This collection will showcase conservation projects at the Ruth Chandler Williamson Gallery. Each object record is accompanied by images documenting the work prior to conservation, select stages of the treatment process, and the work after conservation. Projects underway include the treatment of the gallery's collection of Asian paintings, the plaster Shakespeare reliefs on Scripps' campus, and a 14th century wood and polychrome sculpture of St. Michael.
This collection is launched in conjunction with Scripps' new major in art conservation, a field that fully embraces the interdisciplinary approach of education at the Claremont Colleges. Art conservation majors are required to take courses in studio art, art history, anthropology, archaeology, and chemistry. Please see the department page for more information.
In contemporary conservation practice, every step of the treatment process is reversible, with the goal of stabilization, not restoration. Close examination of a conserved object will reveal the work of the conservator; for the intention is not to restore the artwork to appear new, but to prevent further deterioration, and thus stabilize it for exhibition and teaching purposes. From six feet back, the museum viewer sees the work as a cohesive whole; from six inches, a future conservator can easily discern the work's previous treatment.
Fourteen Asian scroll paintings are currently available in this collection with many more to follow. Please check back periodically as the collection will be updated upon the completion of each project.
Generous grants by The National Endowment for the Arts (NEA) and the Institute of Museum and Library Services (IMLS) have funded the conservation of the Ruth Chandler Williamson Gallery's collection of Asian paintings. After the Los Angeles County Museum of Art (LACMA), Scripps owns the second largest collection of Asian paintings in Southern California available to the public. The majority of the collection is comprised of late imperial Chinese scroll paintings, but also includes examples of Japanese and Korean works.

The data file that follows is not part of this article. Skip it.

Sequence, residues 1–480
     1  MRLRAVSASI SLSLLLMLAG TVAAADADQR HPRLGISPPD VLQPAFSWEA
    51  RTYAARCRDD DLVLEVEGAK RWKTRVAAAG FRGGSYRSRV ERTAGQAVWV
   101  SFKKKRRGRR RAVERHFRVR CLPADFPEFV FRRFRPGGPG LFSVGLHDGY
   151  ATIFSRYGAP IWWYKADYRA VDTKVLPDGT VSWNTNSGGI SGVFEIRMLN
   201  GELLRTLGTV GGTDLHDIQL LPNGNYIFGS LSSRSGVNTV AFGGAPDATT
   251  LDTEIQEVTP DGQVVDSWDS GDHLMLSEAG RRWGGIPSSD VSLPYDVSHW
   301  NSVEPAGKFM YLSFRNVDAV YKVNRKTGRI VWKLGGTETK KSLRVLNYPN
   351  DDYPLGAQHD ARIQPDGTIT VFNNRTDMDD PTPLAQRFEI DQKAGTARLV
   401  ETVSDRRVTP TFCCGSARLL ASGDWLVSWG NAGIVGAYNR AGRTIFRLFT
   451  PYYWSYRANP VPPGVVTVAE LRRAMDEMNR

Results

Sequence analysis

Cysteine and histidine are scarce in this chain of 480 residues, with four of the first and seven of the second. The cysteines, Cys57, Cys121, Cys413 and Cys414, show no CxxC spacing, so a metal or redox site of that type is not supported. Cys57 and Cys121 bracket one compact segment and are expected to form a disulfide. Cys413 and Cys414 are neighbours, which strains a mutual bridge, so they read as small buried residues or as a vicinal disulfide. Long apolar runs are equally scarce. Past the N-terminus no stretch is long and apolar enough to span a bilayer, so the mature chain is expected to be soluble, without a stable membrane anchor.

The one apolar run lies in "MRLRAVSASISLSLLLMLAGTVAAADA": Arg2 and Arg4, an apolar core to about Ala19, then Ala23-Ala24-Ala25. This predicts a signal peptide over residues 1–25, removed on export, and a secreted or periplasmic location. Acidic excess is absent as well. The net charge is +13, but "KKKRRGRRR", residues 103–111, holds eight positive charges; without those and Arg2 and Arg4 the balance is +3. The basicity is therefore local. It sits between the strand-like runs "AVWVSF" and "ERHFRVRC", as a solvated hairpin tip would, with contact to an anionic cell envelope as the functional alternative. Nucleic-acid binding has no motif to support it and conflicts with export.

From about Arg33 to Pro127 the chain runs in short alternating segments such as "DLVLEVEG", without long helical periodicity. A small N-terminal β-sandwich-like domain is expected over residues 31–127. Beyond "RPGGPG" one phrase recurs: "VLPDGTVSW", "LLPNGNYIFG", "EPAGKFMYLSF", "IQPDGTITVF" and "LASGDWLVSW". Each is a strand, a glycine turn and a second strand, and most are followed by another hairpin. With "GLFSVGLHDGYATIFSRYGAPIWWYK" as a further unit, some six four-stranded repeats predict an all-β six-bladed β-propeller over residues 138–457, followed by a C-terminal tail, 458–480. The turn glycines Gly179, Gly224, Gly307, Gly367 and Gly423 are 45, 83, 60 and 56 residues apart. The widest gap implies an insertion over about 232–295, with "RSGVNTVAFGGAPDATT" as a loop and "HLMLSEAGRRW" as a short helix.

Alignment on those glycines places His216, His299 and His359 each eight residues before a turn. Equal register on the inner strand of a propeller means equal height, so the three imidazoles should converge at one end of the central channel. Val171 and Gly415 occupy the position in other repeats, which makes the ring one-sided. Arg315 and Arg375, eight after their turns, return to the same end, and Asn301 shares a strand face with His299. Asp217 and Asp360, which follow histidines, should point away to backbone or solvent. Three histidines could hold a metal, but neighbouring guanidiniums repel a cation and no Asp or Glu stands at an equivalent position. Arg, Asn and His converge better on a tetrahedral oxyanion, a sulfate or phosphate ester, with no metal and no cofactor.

In East Asian painting tradition, works are mounted on silk as a handscroll or vertical hanging scroll. When not on display, they are rolled up and stored in a custom-sized box. In the 1920s, American collectors and conservators began cutting the paintings out of the scroll format and remounting them on wooden stretcher frames in the mistaken belief that storing the paintings as flat panels would prove to be less stressful to the painting than rolling and unrolling. Unfortunately, the flat panel format leaves the painting permanently exposed and thus increases the risk of damage.
Many of the Asian paintings in the Williamson Gallery entered the collection in this flat panel format and have subsequently suffered water damage, tearing, paint loss, cracking, and other condition concerns. Having secured grants from NEA and IMLS, the gallery contracted the conservation work to Kyoto-based painting conservator Sekichi Hisaji, who is honored in Japan as a Living National Treasure.
Under Mr. Sekichi's treatment plan, the paintings were removed from the wooden panels and surface cleaned. New and aged wheat starch paste was used as an adhesive and the paint layer was consolidated with highly adhesive yet reversible animal skin glue. The old silk mounting and old lining papers were removed and replaced with handmade Japanese paper and new silk mounting and reassembled in their original scroll format. The silk mounting fabrics were custom-woven in Japan to Mr. Sekichi's specifications regarding color and pattern; the style of silk and end knobs was chosen at his discretion with an eye toward enhancing and complementing the painting. Every area of loss was filled in with mending silk shaped to exactly match the missing area; when appropriate, the mending silk was artificially aged through gamma radiation to match the strength and tonality of the primary support. Each painting was returned in a custom-made paulownia wood storage box.
Please direct specific inquiries to the Ruth Chandler Williamson Gallery.
Additional information can be found on the gallery's conservation page.